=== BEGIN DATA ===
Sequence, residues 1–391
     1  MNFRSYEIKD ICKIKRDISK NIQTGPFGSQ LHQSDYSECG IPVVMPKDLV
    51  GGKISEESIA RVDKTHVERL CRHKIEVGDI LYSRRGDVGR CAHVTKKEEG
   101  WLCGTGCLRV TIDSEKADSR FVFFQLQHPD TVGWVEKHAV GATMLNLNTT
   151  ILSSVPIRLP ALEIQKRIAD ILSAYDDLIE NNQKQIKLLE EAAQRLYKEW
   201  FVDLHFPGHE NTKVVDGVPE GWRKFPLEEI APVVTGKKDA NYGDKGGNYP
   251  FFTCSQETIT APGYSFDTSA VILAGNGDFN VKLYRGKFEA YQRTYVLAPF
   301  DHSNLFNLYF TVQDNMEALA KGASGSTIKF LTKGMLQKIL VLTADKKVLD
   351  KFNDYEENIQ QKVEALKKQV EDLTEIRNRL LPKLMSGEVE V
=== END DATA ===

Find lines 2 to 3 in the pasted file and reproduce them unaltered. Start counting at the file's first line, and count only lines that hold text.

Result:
     1  MNFRSYEIKD ICKIKRDISK NIQTGPFGSQ LHQSDYSECG IPVVMPKDLV
    51  GGKISEESIA RVDKTHVERL CRHKIEVGDI LYSRRGDVGR CAHVTKKEEG